SAN FRANCISCO (03/06/2000) - The speedy port technology known as IEEE 1394 or FireWire is not exactly a household name: Digital video camera vendors quickly adopted the standard, but mainstream PC peripherals (such as scanners) that incorporate it are only now shipping. The impending release of USB 2 products-which will work faster than today's USB peripherals-pits the two technologies against each other. Which is right for you? We examined two new 1394 scanners from Epson and Umax Technologies Inc., and checked in on the standards battle.
As expected, the 1394 scanners we tested outran SCSI models. If you're a graphics pro or if you edit video, 1394 devices make sense. They're plug-and-play but offer more speed than USB. However, USB devices cost less.
Perhaps as soon as March, the USB 2 specification will be final; products will ship by the year's end. This spec brings transfer speeds up from the current 12 mbps to a whopping 480 mbps. The spec for an improved version of 1394, called 1394b, will be ready at about the same time as USB 2; it raises transfer rates to 800 mbps--double the rate of current 1394 devices.
Which technology will PC and peripherals makers prefer? USB enjoys an advantage because it's already ubiquitous in new desktop and mobile PCs. The greater cost and complexity of 1394 limit its appeal to use with peripherals that need speed desperately, such as external hard drives, scanners, digital camcorders, and digital cameras. (And the cost of the technology isn't likely to drop soon.) Business peripherals like printers and speakers simply don't require 1394's speed. Given USB 2's improved power and USB's installed base, camcorder makers and others may be swayed to offer USB 2 versions of their products.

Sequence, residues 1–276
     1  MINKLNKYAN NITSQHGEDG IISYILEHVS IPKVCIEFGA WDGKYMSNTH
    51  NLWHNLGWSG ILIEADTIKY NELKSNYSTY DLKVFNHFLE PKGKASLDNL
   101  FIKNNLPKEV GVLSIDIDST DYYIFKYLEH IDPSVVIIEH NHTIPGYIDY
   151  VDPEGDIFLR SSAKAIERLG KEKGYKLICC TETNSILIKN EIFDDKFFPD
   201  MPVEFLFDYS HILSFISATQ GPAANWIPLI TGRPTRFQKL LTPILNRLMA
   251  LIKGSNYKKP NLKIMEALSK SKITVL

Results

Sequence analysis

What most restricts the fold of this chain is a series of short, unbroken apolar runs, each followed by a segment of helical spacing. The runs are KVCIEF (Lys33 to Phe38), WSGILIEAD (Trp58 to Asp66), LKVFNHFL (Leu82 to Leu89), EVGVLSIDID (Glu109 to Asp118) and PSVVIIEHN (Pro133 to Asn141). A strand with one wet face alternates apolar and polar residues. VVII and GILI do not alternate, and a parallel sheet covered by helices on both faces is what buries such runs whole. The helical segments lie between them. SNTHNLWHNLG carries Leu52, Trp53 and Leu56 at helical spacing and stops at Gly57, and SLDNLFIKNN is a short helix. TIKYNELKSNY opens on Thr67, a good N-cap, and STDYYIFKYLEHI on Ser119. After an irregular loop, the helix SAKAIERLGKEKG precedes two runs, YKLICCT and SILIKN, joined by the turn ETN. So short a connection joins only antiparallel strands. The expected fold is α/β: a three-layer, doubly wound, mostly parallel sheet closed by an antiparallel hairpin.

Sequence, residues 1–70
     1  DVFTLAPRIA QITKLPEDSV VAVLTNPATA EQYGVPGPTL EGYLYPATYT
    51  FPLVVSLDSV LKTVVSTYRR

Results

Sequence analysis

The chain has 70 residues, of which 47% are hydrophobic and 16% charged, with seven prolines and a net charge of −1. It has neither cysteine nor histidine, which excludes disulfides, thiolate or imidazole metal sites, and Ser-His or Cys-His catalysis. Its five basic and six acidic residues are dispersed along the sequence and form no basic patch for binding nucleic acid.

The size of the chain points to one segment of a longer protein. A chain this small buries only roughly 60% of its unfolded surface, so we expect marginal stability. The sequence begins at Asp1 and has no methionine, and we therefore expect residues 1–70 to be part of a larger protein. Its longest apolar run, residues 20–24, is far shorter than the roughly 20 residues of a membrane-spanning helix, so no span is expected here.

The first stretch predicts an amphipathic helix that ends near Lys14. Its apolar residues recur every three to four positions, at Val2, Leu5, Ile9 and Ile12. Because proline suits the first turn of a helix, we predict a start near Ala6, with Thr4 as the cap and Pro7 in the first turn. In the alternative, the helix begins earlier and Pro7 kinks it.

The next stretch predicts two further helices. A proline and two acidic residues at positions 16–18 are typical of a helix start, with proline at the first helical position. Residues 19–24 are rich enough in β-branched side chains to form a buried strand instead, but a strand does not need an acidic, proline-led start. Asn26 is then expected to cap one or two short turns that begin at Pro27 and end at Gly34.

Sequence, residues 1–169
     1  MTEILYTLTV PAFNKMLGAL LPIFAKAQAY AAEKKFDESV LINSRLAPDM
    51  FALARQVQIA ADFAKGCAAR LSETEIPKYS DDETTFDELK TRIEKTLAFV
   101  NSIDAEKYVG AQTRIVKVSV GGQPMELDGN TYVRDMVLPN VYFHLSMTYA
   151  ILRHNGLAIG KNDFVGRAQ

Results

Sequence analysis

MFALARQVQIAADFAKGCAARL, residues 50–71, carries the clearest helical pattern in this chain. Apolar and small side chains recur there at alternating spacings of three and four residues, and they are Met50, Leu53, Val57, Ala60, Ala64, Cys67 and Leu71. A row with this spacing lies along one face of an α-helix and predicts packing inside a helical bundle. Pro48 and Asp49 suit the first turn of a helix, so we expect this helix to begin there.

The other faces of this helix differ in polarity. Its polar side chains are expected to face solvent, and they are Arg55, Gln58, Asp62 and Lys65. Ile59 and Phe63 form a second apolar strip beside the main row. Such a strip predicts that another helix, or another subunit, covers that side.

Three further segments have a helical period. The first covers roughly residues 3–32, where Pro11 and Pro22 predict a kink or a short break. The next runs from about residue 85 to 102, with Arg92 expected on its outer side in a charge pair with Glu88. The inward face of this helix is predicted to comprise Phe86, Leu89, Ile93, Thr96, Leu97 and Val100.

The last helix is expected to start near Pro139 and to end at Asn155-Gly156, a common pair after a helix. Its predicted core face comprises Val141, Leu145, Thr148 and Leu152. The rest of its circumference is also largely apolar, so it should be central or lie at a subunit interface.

But 1394 has its advantages. First, 1394 transfers don't have to pass through a PC. You can directly connect 1394 devices--say, hook up a stereo to a DVD player to a TV and a set-top box. The consumer electronics market is taking note, and such devices are a natural fit with camcorders that already use 1394.
Some vendors showed new FireWire products such as high-end speakers and audio receivers at January's Consumer Electronics Show in Las Vegas.
The 1394 Test
The $1399 Epson Expression 1600 Pro FireWire and $999 Umax PowerLook 1100 scanners we tested aren't for casual home use. We compared both with Umax's $799 PowerLook III, a SCSI-2 model. (SCSI, an interface that works at 5 MBps, is the current standard for high-end scanners.)Using a system equipped with 128MB of RAM and Windows 2000, we scanned four images with each scanner's bundled software, at resolutions ranging from 75 dpi to 1200 dpi. The 1394 models took 4 or 5 minutes to scan a high-resolution, 8.5-by-11-inch color page with text and graphics; the SCSI model took about 7 minutes. The 1394s finished a few seconds faster than the SCSI on a 75-dpi, 5-by-7-inch color photograph--the kind you might put on a Web site. On two other scans, the SCSI model completed the job more quickly; that result may be related to software and driver optimization.
Your Best Strategy
USB 2 will show up in desktop computers no later than December. Since the technology costs approximately the same as USB 1.1, printer and scanner vendors will quickly upgrade. USB 2 is backward compatible with today's USB peripherals.
As for 1394, a few more home PC vendors are using it. Compaq, Sony, and Apple already do. Look for 1394 ports in Dell Dimensions and HP Pavilions within the next few months. People anticipating connecting PCs to audio and video consumer electronics products should look for a PC with a 1394 port ($100-range 1394 add-in cards are also available). The rest of us can simply look forward to USB 2, which many machines (including Dell's and HP's) will sport as soon as it's ready.
Epson Expression 1600 Pro FireWire
Street price: $1399; Epson; 800/463-7766; www.epson.comUmax PowerLook 1100Street price: $999; Umax Technologies Inc.; 800/562-0311; www.umax.com.